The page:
The cloud started very low, and subsequently dropped even further so that, after our walk, the village was enveloped in fog.
Later, however, it seemed that the fog was breaking-up and I set out again for the Pepper Pot. I didn’t take any photos in the fog, but it was still quite dense at home. By the time I was in Eaves Wood though I could see blue sky overhead…
Unlike snow, fog is pretty common place in this area. I can think of many occasions when I’ve thought that the fog was thinning and hoped that the small elevation of Castle Barrow might be sufficient to lift me above the fog – but I’d never actually seen that, until today…
It was an amazing sight – something I’ve seen in the mountains before, but didn’t expect to see from just 70 metres above sea level. I knew the rest of the family would enjoy this, so I phoned them and then watched as the fog continued to disperse and other bits of high ground began to appear…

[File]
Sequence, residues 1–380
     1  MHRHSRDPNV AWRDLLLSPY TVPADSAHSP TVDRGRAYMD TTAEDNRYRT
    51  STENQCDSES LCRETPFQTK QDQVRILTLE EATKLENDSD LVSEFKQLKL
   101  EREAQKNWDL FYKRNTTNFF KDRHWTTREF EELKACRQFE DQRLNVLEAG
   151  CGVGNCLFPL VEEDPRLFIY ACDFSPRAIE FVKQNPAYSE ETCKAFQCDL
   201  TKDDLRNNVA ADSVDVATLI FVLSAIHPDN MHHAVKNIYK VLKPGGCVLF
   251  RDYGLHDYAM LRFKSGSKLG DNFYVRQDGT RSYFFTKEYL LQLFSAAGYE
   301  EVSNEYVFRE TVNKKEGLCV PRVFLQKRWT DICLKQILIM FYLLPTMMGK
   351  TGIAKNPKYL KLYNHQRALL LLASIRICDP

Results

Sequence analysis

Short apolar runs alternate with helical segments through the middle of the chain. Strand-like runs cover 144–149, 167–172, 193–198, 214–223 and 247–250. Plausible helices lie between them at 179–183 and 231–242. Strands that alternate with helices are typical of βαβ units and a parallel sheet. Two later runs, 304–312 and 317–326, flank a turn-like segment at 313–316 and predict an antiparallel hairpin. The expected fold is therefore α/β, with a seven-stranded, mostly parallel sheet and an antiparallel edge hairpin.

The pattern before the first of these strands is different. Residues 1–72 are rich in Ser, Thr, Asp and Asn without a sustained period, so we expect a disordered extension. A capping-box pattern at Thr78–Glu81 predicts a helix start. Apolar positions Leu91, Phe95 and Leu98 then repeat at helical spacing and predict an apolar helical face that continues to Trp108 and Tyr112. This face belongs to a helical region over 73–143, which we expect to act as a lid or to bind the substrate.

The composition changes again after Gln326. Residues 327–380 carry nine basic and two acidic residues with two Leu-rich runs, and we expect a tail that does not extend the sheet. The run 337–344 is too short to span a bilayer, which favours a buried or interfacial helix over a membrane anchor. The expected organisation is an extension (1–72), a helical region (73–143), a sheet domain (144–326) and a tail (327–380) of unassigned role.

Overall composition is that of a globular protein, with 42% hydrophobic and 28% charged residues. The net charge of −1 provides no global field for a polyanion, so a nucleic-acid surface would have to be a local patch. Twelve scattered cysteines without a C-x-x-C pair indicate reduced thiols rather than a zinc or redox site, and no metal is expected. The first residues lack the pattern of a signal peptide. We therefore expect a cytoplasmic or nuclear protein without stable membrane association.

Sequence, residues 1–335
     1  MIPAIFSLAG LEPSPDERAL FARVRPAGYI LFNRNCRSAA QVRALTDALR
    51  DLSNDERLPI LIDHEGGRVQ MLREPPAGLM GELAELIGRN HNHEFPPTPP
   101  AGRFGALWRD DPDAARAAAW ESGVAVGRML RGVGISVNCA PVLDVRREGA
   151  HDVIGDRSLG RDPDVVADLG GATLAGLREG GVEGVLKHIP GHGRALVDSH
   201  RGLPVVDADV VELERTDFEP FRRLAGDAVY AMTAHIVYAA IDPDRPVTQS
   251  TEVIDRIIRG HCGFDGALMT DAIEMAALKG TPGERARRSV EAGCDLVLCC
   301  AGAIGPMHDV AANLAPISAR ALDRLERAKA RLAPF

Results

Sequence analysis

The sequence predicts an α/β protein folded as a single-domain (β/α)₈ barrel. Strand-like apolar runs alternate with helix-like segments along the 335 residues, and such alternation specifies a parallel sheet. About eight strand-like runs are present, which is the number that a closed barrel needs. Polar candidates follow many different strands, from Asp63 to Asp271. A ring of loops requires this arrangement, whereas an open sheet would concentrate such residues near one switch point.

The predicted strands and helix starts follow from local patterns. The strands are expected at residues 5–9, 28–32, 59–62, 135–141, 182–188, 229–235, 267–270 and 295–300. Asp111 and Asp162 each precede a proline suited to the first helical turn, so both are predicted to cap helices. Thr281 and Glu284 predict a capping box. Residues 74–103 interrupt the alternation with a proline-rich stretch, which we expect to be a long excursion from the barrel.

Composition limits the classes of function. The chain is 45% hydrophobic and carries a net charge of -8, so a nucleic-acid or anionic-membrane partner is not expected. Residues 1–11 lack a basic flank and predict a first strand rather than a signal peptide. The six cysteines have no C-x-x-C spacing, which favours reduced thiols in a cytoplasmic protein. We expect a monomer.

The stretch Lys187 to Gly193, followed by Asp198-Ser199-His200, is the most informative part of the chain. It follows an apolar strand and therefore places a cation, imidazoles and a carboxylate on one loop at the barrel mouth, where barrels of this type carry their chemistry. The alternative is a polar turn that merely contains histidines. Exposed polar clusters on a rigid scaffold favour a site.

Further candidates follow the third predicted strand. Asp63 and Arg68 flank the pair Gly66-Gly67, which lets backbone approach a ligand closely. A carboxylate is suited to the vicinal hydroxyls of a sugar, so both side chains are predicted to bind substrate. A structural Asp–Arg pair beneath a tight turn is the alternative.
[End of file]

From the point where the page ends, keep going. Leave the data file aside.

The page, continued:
Inland, to the East, Ingleborough was almost clear of mist.
For some reason, long zoom shots of Ingleborough seem to work best when there is snow on the hill.
At first, I had Castle Barrow to myself, except for this Robin, which didn’t seem all that bothered about the cloud inversion.
All in all, a very memorable New Year’s Eve, even if we couldn’t party with our friends like we usually would.
Having enjoyed my walk on Nicky Nook in the autumn, I wanted to return, TBH joined me on a gloriously sunny Christmas Eve. Having tackled the hill from the west last time out, this time I thought we’d climb it from the east. We parked at Grizedale Bridge and then dropped downhill a little to the farm at Fell End. TBH was slightly sceptical about this choice, rightly as it turned out: the field was completely water-logged.
Once past the farm however, the going got much better. The route up offered expanding views and very soon brought us to the top.
It was very busy. Perhaps I should have anticipated, on such a clear bright day. We even bumped into a colleague and her family, ex-pupils of mine.
Meanwhile, back at home, A wanted to do something creative, and spent her day making a ginger-bread house…
Clever isn’t she?
I’ll let you in on the secret of the windows, just so long as you keep it to yourself: Fox’s Glacier Fruits melted down apparently. And then baked with the gingerbread I imagine?